Liner Notes: Shawnee, Ohio (forthcoming)
Below is a short essay on Shawnee, Ohio. It was conceived as a preface to a book of archival photographs, fragments of musical notation, and my own ethnographic writings on being in Shawnee.
Shawnee, Ohio is a portrait of a town, both real and imagined.
Shawnee is located in rural southeastern Appalachian Ohio. It is one town among many that quickly emerged around coal mining in the nineteenth century. The towns are now collectively referred to as the “Little Cities of Black Diamonds,” a phrase coined by historian Ivan Tribe. For two centuries, this region has been immersed in extraction industries, from coal, oil, and gas to timber, iron ore, and clay. Located in the Wayne National Forest, the area is bound together by a common heritage of booms and busts, environmental destruction and recovery, and the formation of early labor unions. After nearly a century of economic and population decline, another boom and bust cycle is playing out with the rise of hydraulic fracturing, or “fracking.” Despite facing an uncertain future, the communities that live in the Little Cities continue to work for environmental, economic, and cultural enrichment.
I first came to Shawnee in 2010. My father grew up in nearby Junction City, and we went there often as a family, but I had never been to Shawnee before. My mother’s ancestors arrived in Shawnee on August 4, 1872. They were part of a large migration of Welsh coal miners to the region. Sometime after graduating from high school in 1925, my grandfather Mordecai Williams moved away. The whole family moved. By the time I was born in 1973, my grandfather had already been dead six years.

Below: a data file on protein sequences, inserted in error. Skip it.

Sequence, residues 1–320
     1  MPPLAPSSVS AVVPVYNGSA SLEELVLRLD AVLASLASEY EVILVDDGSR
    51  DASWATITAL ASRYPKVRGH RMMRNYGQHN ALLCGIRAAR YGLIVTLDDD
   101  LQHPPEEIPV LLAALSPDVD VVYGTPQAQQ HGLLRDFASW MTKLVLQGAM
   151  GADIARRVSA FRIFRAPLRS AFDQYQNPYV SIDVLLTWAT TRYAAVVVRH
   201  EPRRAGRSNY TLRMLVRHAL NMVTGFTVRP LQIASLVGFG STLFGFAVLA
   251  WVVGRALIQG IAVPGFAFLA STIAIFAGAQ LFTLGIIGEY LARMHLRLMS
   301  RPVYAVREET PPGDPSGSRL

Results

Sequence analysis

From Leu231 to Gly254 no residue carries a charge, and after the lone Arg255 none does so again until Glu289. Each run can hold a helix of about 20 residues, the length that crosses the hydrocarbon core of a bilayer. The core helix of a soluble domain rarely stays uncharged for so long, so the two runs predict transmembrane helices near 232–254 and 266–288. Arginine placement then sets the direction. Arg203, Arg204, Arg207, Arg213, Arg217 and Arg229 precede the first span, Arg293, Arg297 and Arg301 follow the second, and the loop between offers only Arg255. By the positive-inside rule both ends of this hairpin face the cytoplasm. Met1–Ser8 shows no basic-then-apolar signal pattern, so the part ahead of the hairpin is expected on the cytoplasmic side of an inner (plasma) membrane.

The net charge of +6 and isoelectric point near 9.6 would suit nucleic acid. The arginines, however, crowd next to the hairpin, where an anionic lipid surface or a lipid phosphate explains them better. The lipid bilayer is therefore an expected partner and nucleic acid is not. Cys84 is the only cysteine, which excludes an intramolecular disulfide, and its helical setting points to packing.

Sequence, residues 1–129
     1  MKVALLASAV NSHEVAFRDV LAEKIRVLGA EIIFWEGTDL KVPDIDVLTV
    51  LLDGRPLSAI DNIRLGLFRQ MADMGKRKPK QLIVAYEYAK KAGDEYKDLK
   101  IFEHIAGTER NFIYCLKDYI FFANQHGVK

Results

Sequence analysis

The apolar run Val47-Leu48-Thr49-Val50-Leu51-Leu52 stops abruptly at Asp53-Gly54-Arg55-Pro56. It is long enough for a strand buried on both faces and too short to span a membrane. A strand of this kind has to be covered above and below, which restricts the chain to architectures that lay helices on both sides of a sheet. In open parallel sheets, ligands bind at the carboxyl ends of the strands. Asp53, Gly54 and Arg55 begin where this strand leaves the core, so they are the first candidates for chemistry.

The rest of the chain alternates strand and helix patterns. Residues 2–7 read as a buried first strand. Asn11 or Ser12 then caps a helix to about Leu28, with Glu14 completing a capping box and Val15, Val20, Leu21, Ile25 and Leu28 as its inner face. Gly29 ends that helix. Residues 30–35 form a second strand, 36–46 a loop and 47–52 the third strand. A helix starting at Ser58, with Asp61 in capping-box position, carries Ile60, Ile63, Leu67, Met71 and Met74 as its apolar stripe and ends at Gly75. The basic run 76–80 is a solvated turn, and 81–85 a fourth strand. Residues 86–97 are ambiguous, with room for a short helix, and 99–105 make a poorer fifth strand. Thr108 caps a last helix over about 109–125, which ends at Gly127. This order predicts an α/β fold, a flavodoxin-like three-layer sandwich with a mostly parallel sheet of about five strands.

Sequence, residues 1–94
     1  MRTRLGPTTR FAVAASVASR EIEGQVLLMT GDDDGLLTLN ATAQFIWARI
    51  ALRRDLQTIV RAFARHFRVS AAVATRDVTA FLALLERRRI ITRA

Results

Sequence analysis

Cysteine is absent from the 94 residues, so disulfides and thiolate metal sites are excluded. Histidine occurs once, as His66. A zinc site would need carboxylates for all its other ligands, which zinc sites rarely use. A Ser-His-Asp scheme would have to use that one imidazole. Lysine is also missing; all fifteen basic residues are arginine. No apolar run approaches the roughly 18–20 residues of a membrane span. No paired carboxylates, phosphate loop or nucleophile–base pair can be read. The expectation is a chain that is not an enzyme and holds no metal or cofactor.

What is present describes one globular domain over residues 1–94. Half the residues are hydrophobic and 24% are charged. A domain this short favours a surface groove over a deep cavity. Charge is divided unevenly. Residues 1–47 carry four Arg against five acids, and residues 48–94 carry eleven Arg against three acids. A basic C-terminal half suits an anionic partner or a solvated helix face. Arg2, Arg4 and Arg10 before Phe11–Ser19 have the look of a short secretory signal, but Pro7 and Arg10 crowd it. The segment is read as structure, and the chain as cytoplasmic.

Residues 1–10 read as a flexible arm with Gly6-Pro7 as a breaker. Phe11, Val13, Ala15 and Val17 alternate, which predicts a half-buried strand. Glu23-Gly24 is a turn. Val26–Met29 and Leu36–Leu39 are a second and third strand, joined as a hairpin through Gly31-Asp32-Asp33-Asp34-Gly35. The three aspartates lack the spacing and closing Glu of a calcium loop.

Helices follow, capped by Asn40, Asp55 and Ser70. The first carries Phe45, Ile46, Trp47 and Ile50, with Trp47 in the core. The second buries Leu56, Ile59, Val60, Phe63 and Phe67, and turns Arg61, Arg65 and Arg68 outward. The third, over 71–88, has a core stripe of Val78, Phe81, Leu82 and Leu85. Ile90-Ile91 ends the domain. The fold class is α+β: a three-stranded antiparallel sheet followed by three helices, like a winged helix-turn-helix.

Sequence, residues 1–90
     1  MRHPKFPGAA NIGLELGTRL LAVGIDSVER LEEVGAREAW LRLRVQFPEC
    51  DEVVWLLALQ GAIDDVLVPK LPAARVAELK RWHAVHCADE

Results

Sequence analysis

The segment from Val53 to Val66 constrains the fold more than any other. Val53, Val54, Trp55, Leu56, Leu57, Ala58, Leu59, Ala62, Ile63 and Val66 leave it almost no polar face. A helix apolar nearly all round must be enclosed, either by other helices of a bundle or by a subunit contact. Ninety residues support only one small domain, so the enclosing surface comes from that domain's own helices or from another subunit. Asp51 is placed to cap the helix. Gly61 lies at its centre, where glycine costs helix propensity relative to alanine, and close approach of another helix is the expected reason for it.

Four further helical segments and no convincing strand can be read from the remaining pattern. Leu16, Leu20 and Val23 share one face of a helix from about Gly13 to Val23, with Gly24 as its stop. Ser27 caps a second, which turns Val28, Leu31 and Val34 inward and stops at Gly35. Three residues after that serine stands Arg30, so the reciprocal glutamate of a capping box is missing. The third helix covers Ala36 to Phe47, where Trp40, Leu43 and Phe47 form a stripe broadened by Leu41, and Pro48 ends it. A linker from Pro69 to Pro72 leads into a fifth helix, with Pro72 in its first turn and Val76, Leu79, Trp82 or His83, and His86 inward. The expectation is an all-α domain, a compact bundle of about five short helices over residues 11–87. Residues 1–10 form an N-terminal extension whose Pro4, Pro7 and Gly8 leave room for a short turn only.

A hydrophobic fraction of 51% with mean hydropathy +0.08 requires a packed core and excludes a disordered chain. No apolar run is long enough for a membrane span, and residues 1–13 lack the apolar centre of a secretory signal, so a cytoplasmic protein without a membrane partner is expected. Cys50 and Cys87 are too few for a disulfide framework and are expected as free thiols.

I began visiting Shawnee and neighboring towns regularly. I got to know some of the people that lived and worked there. Since I am an outsider, I relied on these relationships, and am deeply indebted to those who talked with me. I did research in the Shawnee archive. I also made sound recordings of my own. I didn’t at first know what I was looking for, or what to listen to. Over the next six years, I continued to return. Slowly, past and present got mixed up, bled into one another. Two stories emerged: one of the region, and one of my family ties to it.
Shawnee, Ohio gets its material from these visits. While working in the archive, I asked a local historian if there were any sound recordings. Rummaging through a closet in his office, he produced a box of about forty cassette tapes. They were mostly recorded by him in the 1980s and 90. The tapes contain oral histories of a generation of people now gone.
On these tapes I hear memory, laughter, embarrassment, music, forgetting, sorrow, friendship. I hear about everyday events––births, relationships, work, deaths––directly and without mediation. The people speak in their own voices, unrehearsed. They are not famous or wealthy. Their agenda is to share, to remember, to learn, and to find ways to move forward. The recordings were made in the same buildings and towns where their stories take place.
I added my own recordings to the material. I recorded in the street, in the forest, and inside buildings. I recorded conversations, local instruments, birds, spring frogs, wind in the trees. I used the recorder as a excuse to stay longer, to listen carefully, to slow down.
Many events in the past––especially those that took place in the nineteenth century or are connected to my grandfather––were not recorded. So I looked and listened for clues elsewhere: photos, yearbooks, maps, musical scores, letters. Programs from a music contest and a graduation list pieces performed during the events. Along with songs from the Knights of Labor, this music became another part of the material for the project.